Since moving from Vancouver to London B-Traits has gone from strength to strength. The DJ who, was recruited by Shy FX to be the first Digital Sound Girl, released her first single last year, has become a regular DJ on BBC Radio One and has will be a regular on this year’s festival circuit. We chat to the tiny blonde about the difficulties of breaking into the industry as a woman, and why one day she might even like a David Guetta track.
WHAT ARE YOUR EARLIEST MEMORIES OF MUSIC?
My parents used to listen to a lot of Michael Jackson so I think I remember that the earliest – trying to sing along. My Dad was a huge record collector but mostly of rock music, so that made up my childhood listening. Along with the Spice Girls of course.
WAS THAT THE MUSIC THAT INSPIRED YOU WHEN YOU WERE YOUNGER?
Not really, but I think because I was exposed to rock music when I was young, when I discovered dance music it was something completely different and I was really drawn to it – it stood out from anything that I heard before so I made it my ‘thing’.
WHAT WERE THE FIRST DANCE RECORDS YOU HAD?
A lot of jungle music. The tempo was crazy to me. Tracks like Shy FX’s ‘Original Nuttah’ or DJ Zinc’s ‘Reach Out’, and classic dance tunes like that really stuck with me. I also listened to a lot of The Prodigy. In Canada there’s a TV channel called Much Music and I remember there was a late night show that played underground dance music from all over the world and that’s where I saw videos from the likes of The Prodigy. Those tracks opened up my eyes to dance music.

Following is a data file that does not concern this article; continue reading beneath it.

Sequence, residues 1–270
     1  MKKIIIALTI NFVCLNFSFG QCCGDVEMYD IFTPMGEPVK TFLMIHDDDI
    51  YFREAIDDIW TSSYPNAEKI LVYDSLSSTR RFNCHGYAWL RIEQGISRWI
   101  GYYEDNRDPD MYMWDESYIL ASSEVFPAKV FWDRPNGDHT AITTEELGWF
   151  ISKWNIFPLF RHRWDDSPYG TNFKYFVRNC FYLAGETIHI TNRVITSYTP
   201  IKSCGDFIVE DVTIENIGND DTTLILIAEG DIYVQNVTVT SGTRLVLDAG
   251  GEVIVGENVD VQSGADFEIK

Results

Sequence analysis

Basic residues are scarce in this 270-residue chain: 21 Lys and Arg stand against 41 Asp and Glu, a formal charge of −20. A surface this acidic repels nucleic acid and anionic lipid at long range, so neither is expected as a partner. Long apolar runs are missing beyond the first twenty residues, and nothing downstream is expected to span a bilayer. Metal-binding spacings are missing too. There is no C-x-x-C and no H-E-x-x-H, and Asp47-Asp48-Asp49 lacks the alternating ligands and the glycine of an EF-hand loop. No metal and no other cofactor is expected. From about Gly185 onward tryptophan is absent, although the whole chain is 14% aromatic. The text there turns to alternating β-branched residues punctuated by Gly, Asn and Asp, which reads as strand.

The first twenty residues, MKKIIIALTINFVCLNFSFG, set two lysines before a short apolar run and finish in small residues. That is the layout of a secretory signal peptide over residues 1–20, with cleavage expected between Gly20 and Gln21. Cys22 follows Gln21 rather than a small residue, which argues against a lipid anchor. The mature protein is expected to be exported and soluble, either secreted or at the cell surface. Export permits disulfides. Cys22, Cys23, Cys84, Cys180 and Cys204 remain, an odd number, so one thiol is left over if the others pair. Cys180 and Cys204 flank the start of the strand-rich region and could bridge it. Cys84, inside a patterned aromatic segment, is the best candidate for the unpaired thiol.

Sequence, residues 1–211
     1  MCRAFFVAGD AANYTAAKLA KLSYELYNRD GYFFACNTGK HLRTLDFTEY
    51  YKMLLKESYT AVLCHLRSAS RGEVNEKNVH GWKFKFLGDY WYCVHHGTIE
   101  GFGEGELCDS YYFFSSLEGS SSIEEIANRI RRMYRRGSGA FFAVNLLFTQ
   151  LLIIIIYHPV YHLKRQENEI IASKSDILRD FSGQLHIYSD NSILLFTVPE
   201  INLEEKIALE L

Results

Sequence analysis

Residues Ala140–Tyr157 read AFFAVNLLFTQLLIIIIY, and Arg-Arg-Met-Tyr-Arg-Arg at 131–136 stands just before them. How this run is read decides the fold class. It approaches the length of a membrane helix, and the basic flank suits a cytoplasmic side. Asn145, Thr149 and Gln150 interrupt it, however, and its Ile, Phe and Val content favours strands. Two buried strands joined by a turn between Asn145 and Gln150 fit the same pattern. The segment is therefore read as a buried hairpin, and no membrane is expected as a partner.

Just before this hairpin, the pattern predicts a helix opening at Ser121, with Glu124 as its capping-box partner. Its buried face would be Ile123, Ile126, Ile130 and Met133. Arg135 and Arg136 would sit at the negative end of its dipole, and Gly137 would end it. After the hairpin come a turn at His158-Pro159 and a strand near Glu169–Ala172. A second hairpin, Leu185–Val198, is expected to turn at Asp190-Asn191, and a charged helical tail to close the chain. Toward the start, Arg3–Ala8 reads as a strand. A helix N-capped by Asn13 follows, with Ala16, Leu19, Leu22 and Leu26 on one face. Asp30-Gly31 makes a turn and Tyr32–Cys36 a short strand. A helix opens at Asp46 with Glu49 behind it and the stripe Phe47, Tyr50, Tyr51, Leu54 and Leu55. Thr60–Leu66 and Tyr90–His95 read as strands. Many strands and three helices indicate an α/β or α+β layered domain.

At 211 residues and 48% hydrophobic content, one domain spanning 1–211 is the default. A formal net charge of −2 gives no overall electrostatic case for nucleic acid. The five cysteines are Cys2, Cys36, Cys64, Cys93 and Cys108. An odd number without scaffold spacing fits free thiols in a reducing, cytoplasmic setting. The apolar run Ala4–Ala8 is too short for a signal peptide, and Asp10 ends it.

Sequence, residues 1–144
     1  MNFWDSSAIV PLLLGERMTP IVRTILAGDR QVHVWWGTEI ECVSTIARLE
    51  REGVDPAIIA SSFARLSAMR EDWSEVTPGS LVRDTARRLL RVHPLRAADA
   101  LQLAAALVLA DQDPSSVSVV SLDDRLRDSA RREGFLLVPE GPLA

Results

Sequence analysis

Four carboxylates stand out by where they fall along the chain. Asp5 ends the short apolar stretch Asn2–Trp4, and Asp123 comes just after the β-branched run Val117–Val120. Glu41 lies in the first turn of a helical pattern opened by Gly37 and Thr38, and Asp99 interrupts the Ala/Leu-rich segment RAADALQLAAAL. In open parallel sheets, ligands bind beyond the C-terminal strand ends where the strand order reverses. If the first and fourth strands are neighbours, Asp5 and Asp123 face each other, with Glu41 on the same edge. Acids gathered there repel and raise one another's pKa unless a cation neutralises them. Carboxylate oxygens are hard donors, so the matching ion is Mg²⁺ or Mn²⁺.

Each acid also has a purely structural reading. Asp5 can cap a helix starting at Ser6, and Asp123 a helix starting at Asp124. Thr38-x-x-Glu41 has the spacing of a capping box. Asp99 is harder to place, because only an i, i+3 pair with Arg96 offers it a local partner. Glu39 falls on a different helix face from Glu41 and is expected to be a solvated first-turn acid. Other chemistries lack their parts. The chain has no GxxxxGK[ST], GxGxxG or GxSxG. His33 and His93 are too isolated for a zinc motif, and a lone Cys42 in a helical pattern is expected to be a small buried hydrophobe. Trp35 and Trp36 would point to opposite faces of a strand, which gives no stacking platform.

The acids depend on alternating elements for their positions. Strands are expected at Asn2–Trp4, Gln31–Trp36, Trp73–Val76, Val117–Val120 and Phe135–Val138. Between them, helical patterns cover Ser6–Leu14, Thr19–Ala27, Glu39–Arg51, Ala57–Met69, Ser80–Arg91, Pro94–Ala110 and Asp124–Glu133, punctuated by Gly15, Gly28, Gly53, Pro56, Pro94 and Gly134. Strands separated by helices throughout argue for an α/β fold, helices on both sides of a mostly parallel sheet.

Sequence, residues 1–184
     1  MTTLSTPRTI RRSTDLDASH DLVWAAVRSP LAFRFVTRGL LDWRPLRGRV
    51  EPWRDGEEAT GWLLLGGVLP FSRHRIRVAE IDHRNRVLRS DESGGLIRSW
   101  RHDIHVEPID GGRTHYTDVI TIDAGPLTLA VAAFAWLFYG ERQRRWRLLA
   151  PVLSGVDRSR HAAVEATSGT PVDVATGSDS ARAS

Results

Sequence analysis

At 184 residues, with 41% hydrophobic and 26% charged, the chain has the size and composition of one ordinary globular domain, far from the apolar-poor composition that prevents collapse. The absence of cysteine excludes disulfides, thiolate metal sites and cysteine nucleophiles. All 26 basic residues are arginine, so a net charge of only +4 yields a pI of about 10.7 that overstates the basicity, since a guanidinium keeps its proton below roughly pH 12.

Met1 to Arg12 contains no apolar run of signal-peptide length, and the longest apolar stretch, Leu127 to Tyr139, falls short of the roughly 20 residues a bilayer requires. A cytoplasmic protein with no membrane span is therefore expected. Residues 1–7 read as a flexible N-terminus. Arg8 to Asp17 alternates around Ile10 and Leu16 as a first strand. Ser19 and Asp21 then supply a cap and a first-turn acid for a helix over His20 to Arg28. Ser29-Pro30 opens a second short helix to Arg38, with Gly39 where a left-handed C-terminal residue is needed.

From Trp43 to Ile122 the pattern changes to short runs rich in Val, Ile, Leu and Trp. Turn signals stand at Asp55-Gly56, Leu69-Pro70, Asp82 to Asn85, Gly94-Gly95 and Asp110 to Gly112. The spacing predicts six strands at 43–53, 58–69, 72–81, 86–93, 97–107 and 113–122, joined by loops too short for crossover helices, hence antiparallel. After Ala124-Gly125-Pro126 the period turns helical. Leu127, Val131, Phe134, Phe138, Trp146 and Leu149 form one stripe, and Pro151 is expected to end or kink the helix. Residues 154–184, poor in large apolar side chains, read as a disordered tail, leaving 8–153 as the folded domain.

SO HOW DID IT TURN FROM A HOBBY TO A CAREER?
It’s weird because in high school I was always the DJ kid – I made mixtapes for everyone’s parties and I think my equipment just changed over the years until it became a fully fledged career. I got turntables when I could afford them and I started collecting vinyl and mixing properly after that, and once I moved from my small home town to the bigger city I started getting DJ bookings. That’s when I realised that I could do it as a career. But as well as that I knew that I wanted to start producing my own dance music – I just didn’t know how to do it then. That took quite a bit of preparation but it started happening when I moved to Vancouver so I just kept going with it and progressing further and further.
CAN YOU REMEMBER YOUR FIRST GIG?
My very first proper paid gig was in a very small café in Vancouver. It was a Sunday night and was just very chilled out drum ‘n’ bass. It was so nerve wracking though, I’d never felt that kind of pressure before but it went really well and that night was definitely a turning point in my life. It was the point when I realised that I could actually do it.
HOW DIFFICULT WAS IT BREAKING IN TO THE INDUSTRY AS A WOMAN?
It was definitely hard at the beginning. I think that in the past five to ten years the music industry – particularly in the DJ, technical and producing side – has been male dominated. In the last three years or so though I think there has been a huge influx of female producers and DJs, thank god! It has its perks and downfalls. I stand out against the hundreds of dudes that do the exact same thing so that works to my benefit but then I have to work twice as hard to prove myself to those guys – sometimes they wonder why a girl has got their spot. But I think it balances up quite well for me.